by Clarence E. Macartney

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Chariots of Fire (13 of 18)
Man Against God-Pharaoh
Clarence E. Macartney
Exodus 5:2

Who is the Lord?" Pharaoh was soon to learn who the
Lord is! Pharaoh is one of the major characters of the
Bible. Dramatic and stirring incidents in the history
of Israel and the history of revelation and redemption
are associated with his name. This is the fullest
account that we have of a duel between God and man,
between the power of this world and the power of God.
It is also a true picture of the unregenerate heart in
rebellion against God.

Somewhere near Thebes, or Memphis, or perhaps near the
site of the present Cairo where the Great Pyramid
rears itself above the desert, stood the palace of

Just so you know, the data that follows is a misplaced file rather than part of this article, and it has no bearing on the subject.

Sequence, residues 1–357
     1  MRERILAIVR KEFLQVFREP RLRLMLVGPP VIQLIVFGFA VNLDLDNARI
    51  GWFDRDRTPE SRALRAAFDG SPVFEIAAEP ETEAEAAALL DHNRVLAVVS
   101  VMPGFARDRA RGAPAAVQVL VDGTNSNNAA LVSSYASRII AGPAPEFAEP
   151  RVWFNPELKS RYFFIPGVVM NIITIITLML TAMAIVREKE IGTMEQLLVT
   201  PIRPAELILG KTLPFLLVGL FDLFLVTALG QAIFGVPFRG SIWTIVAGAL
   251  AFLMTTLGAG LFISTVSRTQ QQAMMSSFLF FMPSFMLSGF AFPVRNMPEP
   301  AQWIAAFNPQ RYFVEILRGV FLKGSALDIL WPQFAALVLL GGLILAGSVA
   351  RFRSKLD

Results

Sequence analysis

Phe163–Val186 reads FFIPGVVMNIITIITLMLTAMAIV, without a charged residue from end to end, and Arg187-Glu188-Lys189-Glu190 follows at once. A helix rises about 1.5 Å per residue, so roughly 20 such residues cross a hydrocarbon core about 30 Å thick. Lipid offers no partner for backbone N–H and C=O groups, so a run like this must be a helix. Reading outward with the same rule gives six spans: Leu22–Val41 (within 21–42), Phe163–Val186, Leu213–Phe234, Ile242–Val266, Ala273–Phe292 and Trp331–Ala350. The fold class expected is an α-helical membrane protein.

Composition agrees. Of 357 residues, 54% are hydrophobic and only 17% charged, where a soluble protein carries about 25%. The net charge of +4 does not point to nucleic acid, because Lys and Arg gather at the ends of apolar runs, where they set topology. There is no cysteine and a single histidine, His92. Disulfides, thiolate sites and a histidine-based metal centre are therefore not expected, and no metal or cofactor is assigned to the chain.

Pharaoh. The ruins which have been unearthed give us
some conception of Egyptian buildings, imperial
palaces, colossal tombs and temples.

On this day so memorable in the history of mankind
Moses and his brother Aaron walked in cloudless
sunshine down the long avenue flanked with sphinxes
which, with stony, unchanging, impassive look, gazed
off into space-into the past ages and into the ages to
come-as if they were the incarnation of the mystery of
time and history. At the end of the avenue stood the
palace of Pharaoh. In front was a huge wall rising
above massive columns, and in the wall a gateway.
Through this gateway Moses and Aaron passed into the
hall of Pharaoh, the Child of the Sun. In front of the
walls, on either side of the palace, stood double rows
of red sandstone columns. Some of them were wound
about with serpents and crowned with fierce birds, in
whose eyes and talons flashed and gleamed precious
stones. Here a stately pillar blossomed into flowers
at the top, and yonder a fountain climbed "the ladder
of the sun."

Along the two sides of the palace enclosure soldiers
of Egypt stood at rigid attention. On the gilded and
enameled throne sat Pharaoh, the lord of the whole
earth. In front, and on e ...

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